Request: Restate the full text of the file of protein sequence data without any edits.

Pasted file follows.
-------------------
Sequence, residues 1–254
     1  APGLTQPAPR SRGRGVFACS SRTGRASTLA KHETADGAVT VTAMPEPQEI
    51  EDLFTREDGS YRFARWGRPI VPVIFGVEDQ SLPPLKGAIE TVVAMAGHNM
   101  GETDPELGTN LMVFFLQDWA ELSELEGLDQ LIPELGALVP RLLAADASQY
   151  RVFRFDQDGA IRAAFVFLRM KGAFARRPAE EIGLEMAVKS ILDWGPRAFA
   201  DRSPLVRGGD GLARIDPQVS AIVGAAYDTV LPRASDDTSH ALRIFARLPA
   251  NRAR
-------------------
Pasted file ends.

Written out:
Sequence, residues 1–254
     1  APGLTQPAPR SRGRGVFACS SRTGRASTLA KHETADGAVT VTAMPEPQEI
    51  EDLFTREDGS YRFARWGRPI VPVIFGVEDQ SLPPLKGAIE TVVAMAGHNM
   101  GETDPELGTN LMVFFLQDWA ELSELEGLDQ LIPELGALVP RLLAADASQY
   151  RVFRFDQDGA IRAAFVFLRM KGAFARRPAE EIGLEMAVKS ILDWGPRAFA
   201  DRSPLVRGGD GLARIDPQVS AIVGAAYDTV LPRASDDTSH ALRIFARLPA
   251  NRAR